If you want to make a good impression at an interview, you have to use language that engages the interviewer. Top employees are those who communicate effectively and openly. In an interview, especially a nerve-racking one, it’s easy to accidentally end up with your foot in your mouth. Instead, put your best foot forward and avoid these common communication mistakes.
1. Closed body language
You are in a constant state of communication. Even when you aren’t talking, your body is speaking volumes.
When you’re nervous, it’s comforting to cross your arms and protect yourself. But, the message you’re sending is that you are passive and not approachable. Keep your arms uncrossed, hands out of your pockets and eyes on the interviewer.
Use your body to say, “I’m here, I’m open and I’m listening.”
You may be eager to answer a question because you’ve prepared a perfect response. But interruptions and over-talking is a way for your body to release its jitters. Don’t give in to the temptation to blurt something out!
Wait for the interviewer to finish their thought. Don’t try to complete their sentences.
Communication is not all about talking. More often, speaking less and actively listening are signs of positive communication.
3. Not reflecting you’re listening
The interview is as much about understanding as it is being understood.
If you’re only focused on your response and ruminating on your answers, you may be missing everything the interviewer is saying.
Let them know you’re listening.
The easiest way to let someone know that you’re listening is, in fact, to really listen. The second-best way is to reflect back what they’ve said, use their language and ask them to tell you more.
4. Getting off topic
If you haven’t been listening, it’s likely that you will also get off topic.
If you have been listening, it’s still smart to have clear goals and objectives when entering the interview to make sure your messages are consistent and clear.
This isn’t to say that you should avoid small talk. Small talk is a great way to show interest and open the floor for interesting dialogue. But, keep in mind there’s a fine line between small talk and telling irrelevant, overly detailed, long winded, lengthy, aimless, rambling (you get the point) stories.
If you do find that you’ve digressed to make a point, restating what the question was and summarizing your answer is a great way to have a clean landing.
5. Using passive or aggressive language
Passive communication sends the message that you value others over yourself. This is displayed through avoiding eye contact, slumping in a chair and speaking quietly.
Aggressive communication sends the message that you value yourself over others and is demonstrated through interrupting, talking loudly over others and using large, intimidating expressions.
Use assertive communication to send the message that you value both yourself and the needs of the company. This means both asking and answering questions about company needs, setting clear boundaries, communicating flexibility, keeping open body language, confidently stating your strengths and, again, actively listening.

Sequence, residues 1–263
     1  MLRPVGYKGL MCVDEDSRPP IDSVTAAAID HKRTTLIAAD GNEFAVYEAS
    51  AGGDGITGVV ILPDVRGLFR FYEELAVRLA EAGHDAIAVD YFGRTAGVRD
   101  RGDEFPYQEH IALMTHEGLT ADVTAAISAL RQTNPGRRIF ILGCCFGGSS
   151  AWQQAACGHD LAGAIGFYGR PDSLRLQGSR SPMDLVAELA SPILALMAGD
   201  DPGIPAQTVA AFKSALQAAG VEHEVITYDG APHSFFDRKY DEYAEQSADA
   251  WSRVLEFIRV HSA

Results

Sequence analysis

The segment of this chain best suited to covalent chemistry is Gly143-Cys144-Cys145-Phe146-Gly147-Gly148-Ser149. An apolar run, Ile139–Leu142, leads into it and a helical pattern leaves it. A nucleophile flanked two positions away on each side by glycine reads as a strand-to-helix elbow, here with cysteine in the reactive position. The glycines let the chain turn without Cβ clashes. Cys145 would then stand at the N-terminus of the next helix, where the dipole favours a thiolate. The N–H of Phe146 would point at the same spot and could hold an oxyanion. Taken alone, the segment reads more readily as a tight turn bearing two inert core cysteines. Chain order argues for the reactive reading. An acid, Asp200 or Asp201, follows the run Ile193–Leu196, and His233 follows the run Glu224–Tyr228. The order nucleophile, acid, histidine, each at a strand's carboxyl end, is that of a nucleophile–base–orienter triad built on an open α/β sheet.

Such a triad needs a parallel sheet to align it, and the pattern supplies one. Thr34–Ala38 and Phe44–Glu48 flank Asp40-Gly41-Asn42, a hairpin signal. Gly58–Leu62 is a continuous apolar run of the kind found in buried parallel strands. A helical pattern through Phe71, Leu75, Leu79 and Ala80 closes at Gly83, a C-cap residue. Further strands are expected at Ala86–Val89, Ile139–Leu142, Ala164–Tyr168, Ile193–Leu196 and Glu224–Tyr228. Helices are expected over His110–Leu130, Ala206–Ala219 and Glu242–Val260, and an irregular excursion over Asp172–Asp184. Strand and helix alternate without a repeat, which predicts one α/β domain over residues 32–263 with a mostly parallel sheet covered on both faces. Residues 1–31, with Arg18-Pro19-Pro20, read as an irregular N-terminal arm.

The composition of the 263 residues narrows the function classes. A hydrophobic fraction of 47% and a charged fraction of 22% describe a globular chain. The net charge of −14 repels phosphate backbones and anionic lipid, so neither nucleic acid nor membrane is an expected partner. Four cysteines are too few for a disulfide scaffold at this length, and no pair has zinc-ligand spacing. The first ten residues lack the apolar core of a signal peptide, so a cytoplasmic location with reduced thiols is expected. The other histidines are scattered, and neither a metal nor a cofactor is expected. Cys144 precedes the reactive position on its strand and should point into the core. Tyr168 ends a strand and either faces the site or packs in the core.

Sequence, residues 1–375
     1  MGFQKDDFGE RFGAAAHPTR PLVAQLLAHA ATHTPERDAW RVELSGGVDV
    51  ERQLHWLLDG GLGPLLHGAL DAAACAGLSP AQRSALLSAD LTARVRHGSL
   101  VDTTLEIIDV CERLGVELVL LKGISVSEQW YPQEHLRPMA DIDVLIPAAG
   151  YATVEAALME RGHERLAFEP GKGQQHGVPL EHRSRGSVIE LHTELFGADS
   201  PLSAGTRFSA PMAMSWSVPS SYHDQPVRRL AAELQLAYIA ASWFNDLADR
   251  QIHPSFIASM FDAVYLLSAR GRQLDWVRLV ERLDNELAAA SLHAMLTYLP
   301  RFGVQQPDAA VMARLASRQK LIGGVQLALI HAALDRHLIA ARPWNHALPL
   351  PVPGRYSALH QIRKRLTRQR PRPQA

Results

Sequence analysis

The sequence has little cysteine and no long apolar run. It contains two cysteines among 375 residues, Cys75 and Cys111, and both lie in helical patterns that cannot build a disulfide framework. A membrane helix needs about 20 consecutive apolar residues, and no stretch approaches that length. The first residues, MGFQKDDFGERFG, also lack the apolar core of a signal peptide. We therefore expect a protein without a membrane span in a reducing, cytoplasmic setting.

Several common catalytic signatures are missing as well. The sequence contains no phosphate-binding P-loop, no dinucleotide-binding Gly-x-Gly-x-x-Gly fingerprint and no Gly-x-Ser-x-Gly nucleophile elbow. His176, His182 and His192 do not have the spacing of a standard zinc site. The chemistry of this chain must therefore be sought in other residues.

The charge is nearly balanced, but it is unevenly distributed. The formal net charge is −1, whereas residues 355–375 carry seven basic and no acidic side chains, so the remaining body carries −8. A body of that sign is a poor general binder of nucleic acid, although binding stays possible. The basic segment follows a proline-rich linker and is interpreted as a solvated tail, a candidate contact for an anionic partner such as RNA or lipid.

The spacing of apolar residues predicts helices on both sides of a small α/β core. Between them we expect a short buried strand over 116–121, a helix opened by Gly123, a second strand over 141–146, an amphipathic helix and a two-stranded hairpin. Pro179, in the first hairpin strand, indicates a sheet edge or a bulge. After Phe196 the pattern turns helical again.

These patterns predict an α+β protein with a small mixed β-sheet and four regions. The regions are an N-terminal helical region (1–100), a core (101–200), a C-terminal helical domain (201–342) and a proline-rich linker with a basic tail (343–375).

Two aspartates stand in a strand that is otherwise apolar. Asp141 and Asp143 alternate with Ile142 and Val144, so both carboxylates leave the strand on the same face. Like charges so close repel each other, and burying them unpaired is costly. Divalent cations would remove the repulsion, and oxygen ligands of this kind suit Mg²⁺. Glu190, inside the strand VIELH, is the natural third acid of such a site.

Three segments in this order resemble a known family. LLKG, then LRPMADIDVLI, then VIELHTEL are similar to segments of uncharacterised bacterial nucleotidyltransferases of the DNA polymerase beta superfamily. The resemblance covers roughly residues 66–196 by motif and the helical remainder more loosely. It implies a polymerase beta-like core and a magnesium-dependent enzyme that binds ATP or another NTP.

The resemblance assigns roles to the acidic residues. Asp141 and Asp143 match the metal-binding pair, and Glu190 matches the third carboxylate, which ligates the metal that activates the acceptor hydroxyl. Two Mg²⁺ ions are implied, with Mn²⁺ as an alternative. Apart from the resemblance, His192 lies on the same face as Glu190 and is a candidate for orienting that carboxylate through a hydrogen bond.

6. Having a closed mind
Having a closed mind means you are uncompromising. Behaviors that demonstrate a closed mind are becoming defensive when challenged, being more interested in speaking than listening, being inflexible to change, jumping to conclusions and stating opinions as truth.
Companies often value someone who is willing to adapt.
This is not to say that you should do whatever they ask you to. You can still set clear boundaries and demonstrate that you’re willing to engage in new concepts.
The best way to demonstrate an open mind is to be curious.
7. Using too many buzzwords
You’re a person. They’re a person. And no one actually knows what “bandwidth” is.
Using too many corporate buzzwords makes you sound inauthentic and inserts strange hiccups into the conversation.
Be naturally conversational and show your human side.
8. Asking closed questions
Closed questions are questions that can only be answered in a “yes” or “no”.
Closed question: “Do you like your job?”
Open question: “What do you like about your job?”
Open questions engage the interviewer to speak and allows for conversational flow.
9. Having your phone out
Even having your phone visible or on vibrate is a big N-O. Turn it off or leave it in your car.
Having your phone out tells the interviewer that they are unimportant and you are distractible.
It’s best to avoid your phone while you’re waiting too. Have their first look at you be a smile and an arm out for a handshake.
10. Talking badly about your last job
The only thing this does is put the interviewer in an uncomfortable position.
Discussing how disgruntled you are makes you look bad. (Even if your boss is the worst.)
The message you send when you do this is that you’re easily frustrated and have difficulty resolving conflict.
When they ask why you’re leaving your last job, name the reasons why it wasn’t a good fit without disparaging the company’s character.
Now you’re officially a communication champion. Good luck!